Leo: So that’s a good one for just general left-hand hygiene, right?
Yuri: Yeah, and I like to start it around 5th position or 7th, and the reason is because right here there is no[right arm pronation] like when you play in the lower positions. You are not coming at an angle like this, your forearm is actually more perpendicular to the fingerboard. And actually the 7th fret is probably … 7th or 8th, where you can really have arm at 90 degrees [to the neck].
Leo: And also there’s much less extension, too.
Yuri: Right, so it requires less work from your left hand. And you can just do it on one string, or you can do it on all strings. Also, another exercise is something as basic as putting one finger down and taking it off, and putting another finger and taking it off, that’s not as easy as it may seem. Having that isolated movement is also important, to kind of analyze how the finger moves. Because it has three joints, and I like to think of it as distributing the energy over all the joints, rather than overusing one of them. Like you don’t want just one joint and keeping the other one like this … it’s kind of all of them working together.
Leo: Would divide the energy evenly through all three joints? Or would the proportion shift to primarily come from a certain joint depending on what you were doing, like slurs?
Yuri: I do think the knuckle is the primary joint, and the power should come from … well actually that’s a whole other topic, where a lot of people press with the thumb and they don’t use a lot of the knuckle muscle. Because you pretty much don’t need your thumb to play. It’s just there to …
Leo: It’s like a balance or pivot somehow.
Yuri: Right. But you don’t hold the guitar. I’ve had students say, “Well if I don’t press here I feel the guitar is going to fall off.” Sometimes it’s psychological. From playing power chords and not doing them the right way. Usually what I do when I warm up, I combine left hand and right hand. So for example … maybe we should talk a little bit about right-hand exercise [see first video in previous post]. So actually that’s the last step of that exercise. So the parts of it are using one finger [see 2nd video] and then doing the same with a [see 2nd video] and then the same exercise except using m and a.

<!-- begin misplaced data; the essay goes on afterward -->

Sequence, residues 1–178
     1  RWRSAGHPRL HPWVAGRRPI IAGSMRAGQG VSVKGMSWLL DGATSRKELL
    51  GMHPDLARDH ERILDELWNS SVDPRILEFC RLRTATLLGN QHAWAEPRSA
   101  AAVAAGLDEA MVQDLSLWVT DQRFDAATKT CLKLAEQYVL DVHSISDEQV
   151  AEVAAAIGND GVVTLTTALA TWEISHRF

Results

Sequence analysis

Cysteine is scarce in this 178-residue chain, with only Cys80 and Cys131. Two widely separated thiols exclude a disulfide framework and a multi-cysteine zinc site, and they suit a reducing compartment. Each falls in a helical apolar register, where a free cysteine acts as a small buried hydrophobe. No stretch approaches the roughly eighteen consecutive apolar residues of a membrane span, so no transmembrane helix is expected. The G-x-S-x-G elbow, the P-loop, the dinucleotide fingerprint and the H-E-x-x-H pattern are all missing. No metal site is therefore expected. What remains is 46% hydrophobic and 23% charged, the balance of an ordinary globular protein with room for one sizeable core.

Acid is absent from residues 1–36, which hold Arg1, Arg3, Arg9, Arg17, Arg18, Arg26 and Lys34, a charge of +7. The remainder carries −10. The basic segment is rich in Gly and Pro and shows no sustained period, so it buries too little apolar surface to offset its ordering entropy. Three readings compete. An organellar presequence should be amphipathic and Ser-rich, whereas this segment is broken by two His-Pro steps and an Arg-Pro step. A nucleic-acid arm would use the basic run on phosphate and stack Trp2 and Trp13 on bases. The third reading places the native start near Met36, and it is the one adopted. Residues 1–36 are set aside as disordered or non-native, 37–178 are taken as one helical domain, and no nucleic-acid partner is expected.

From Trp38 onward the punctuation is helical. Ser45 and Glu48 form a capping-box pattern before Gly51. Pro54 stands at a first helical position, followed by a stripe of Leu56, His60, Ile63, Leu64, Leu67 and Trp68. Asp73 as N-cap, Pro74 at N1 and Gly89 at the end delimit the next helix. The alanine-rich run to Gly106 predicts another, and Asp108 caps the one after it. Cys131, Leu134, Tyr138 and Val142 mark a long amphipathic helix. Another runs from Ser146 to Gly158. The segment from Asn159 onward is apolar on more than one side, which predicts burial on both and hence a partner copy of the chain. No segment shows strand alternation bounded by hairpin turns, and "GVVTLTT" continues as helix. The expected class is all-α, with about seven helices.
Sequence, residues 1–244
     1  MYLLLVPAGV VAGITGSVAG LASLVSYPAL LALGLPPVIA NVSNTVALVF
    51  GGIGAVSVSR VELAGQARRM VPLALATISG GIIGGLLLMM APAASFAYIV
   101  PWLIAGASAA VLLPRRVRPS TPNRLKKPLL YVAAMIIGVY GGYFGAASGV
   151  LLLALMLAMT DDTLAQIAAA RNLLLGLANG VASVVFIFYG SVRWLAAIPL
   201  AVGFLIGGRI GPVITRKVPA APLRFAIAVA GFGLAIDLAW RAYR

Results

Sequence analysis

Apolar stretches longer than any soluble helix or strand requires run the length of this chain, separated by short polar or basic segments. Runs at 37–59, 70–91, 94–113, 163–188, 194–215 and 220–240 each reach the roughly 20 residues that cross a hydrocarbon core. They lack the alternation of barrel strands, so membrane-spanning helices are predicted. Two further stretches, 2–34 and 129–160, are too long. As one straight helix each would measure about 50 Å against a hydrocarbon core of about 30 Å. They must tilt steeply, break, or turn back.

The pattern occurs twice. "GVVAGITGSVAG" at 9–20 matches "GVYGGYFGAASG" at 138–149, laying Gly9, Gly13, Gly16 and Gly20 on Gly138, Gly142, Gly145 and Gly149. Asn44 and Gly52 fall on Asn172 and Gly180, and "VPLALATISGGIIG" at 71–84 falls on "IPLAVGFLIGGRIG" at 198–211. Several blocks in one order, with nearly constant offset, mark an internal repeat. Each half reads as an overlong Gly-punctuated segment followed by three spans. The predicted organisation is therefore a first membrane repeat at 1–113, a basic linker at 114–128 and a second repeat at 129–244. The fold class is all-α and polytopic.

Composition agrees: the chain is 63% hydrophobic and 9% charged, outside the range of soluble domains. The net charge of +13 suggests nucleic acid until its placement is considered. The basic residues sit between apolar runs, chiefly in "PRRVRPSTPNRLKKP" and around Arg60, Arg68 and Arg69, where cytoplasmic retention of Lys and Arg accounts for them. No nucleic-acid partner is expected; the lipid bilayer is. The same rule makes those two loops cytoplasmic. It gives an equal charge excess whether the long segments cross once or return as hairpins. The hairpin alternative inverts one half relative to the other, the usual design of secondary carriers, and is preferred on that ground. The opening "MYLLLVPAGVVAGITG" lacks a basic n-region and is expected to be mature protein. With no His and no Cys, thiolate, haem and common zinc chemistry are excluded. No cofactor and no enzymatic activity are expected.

Leo: Do you do ia as well?
Yuri: No, I find that i and a have really good separation.
Leo: Just by doing the two other pairs [im and ma] they seem to …?
Yuri: Well, in general I find that I don’t have to work much on ia. I think i and a are separate joints anyway. But I do find that making even pinky stronger is helpful. It really helps me actually when I start playing with one finger. And then eventually when I get to the end of my warm up I start doing im. So I start with the hardest thing possible. One finger, m and a, sometimes pinky. And then eventually I get to im and it feels so easy.
Yuri: Yeah. Like I started working on [Villa-Lobos’] Etude No. 7. And I would just play the scale with i and then I’ll play it with m and only at the very end will I play it with im. So that feels much easier at the end. Oh, and also, I work on extensors [see 3rd video]. That helps, too. Like you can do the same exercise. [playing] Or maybe not that on the 6th string…
Leo: Yeah, it’ll destroy your nails.
Yuri: This really does help too. [see 3rd video] Also I like to do ami scales. So, for example, any scale, always going ami.
Leo: So a does all the crossing? Or does it just depend on the …?
Yuri: No it’s just always that pattern: ami. And you can start with whatever finger you start. And in the beginning once you start developing this technique it’s difficult to keep track of which finger is next, but over time it becomes so automatic.
Leo: Great. What great advice.
Yuri: Well, you know, I know pretty much all of us—all guitarists—want to develop better scales, have more accuracy, play faster. How do you push that? How do you consistently get better at that? I think these exercises are pretty much it, not the secret, but the way, to get better at it.